If only life were more like a music video, where success is amplified to the max. For the Sturgess family, things couldn't be more different. One son lives in a car propped up on blocks, the other has mental breakdowns that are cured only by liquor, and Dad has Social Services breathing down his neck. Their sole escape: a steady supply of heavy metal and punk music. In fact, in ...and we all wore leather pants the only thing more magical than rock 'n' roll is magic itself. The plot is peppered with mystical events, ranging from a mysterious visitor plucked from the sky to an immaculate conception.
Robert Attenweiler's imaginative script is set in a rather unimaginative place: Ashtabula, Ohio (read: Anytown, USA). The contrast makes for poignant and comical moments, which the talented cast aptly captures. The first three scenes contain some fabulous repartee that is aided by quick dialogue and a snappy pace set by director John Patrick Hayden.
Most at home among the witticisms is Joe Stipek. As Krank, the loner, car-dwelling son, he has a perfect deadpan tone that makes even the wildest notions sound inappropriately (and hilariously) matter-of-fact. When his date expresses concerns over his makeshift hot plate in the backseat, he explains, "No, it's fine. People tell ya shouldn't have fires inside a' cars, but they mean when you don't think n' crack a window." His complete sincerity makes dangerous ignorance seem adorable.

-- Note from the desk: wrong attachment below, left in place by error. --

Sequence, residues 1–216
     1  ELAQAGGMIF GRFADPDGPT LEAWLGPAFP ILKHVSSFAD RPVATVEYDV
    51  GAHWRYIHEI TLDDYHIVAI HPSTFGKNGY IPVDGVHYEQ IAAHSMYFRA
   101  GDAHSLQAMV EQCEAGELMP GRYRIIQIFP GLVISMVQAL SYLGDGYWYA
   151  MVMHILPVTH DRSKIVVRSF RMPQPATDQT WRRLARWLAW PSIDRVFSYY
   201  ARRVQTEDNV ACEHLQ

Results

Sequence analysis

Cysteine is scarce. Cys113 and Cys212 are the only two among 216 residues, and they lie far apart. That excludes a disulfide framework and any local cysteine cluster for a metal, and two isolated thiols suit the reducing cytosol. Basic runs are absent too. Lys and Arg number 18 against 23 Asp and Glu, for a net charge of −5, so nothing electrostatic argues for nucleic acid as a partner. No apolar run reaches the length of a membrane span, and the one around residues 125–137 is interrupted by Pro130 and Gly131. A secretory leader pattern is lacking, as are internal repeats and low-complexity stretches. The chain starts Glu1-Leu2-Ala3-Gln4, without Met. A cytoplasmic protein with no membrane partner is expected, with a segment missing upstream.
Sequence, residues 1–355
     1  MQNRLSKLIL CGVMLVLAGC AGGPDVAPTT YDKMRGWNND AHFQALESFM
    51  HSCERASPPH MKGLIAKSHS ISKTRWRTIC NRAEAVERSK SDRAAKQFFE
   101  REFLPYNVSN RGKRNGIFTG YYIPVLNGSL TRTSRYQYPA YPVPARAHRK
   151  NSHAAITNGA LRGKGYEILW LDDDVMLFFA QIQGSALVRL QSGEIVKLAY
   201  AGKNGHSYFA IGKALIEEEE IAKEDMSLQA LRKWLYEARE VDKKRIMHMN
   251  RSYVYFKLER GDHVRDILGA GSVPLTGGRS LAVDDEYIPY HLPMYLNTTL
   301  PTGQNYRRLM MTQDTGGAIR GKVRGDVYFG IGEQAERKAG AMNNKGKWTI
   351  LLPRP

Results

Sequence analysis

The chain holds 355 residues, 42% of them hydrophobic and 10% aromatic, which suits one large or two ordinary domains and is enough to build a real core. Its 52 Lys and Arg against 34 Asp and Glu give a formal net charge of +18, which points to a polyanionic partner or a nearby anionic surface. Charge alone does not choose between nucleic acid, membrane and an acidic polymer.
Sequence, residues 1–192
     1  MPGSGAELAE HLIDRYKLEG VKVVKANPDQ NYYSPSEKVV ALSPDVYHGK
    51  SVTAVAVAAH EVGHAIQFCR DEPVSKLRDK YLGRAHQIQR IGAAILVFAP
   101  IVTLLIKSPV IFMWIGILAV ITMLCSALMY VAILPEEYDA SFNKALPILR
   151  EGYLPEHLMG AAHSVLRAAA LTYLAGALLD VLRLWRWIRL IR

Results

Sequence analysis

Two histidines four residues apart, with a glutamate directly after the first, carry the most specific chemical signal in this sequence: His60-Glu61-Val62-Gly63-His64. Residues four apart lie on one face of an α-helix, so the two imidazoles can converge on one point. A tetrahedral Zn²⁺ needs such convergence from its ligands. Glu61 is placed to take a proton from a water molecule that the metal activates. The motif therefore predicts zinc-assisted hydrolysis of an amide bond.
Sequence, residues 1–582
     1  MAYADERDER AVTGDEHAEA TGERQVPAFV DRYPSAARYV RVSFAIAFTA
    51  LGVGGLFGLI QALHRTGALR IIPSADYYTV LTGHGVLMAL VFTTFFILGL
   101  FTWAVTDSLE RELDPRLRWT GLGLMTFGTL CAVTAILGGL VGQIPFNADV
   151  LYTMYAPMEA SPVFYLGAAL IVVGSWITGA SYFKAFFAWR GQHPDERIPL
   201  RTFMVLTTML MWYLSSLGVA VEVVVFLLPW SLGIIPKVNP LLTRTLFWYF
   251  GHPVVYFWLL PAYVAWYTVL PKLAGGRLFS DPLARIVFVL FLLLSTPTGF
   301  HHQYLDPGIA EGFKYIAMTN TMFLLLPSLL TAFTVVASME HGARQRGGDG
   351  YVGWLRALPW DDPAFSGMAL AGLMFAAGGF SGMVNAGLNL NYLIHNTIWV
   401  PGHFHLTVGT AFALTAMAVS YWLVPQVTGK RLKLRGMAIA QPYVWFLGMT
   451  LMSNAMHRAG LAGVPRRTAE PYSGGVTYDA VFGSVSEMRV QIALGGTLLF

As his brother, Danny Bruckert's Jagger is Krank's boisterous and self-assured foil. He struts around the stage, mostly without pants, and revels in the play's more absurd moments. For poor Jagger, things are pretty absurd: he may or may not be a mechanic, and he may or may not be the former star of a heavy metal group. While he keeps having strange and increasingly aggressive flashbacks–a guitar solo here, a wild motorcycle ride there–his wife, Mary (Becky Benhayon), remains determined to stamp them out with alcohol. As a result, Jagger has no idea who he is, and Bruckert captures his confusion and mounting frustration well.
Thanks in part to an inexplicable combination of a meteor shower and an earthquake, the characters' problems and innermost needs and fears are hurtled to the surface. However, the play stumbles a little when everyone collides in the family den. While the shorter, two-actor scenes earlier in the play offer some real zingers, the lines don't have the same bite when the entire ensemble shares the stage.
The appearance of a mysterious visitor, who speaks like a prophet and dresses like a jogger, also trips up the story slightly. Here, the simple lyricism of magic layered over the mundane is replaced with lengthy speeches that tip almost too far in favor of the former.
But when the play maintains this balance, it's a delight. Take, for instance, the show's depiction of the so-called meteor shower. Jagger and Mary have just brought out some glow-sticks (they couldn't find a flashlight) to look for their missing child when a loud rumble and flickering lights overtake the stage. As the characters stumble through the chaos, Mary goes to the door at the back and struggles to hold herself up with the frame. Her shaking hands wave the stick up and down until its glow flashes like green lightning.
Despite its modest technology, the clever production team creates a dazzling special effect. Now here's a group that knows more than a few things about crafting magical scenes from ordinary ingredients.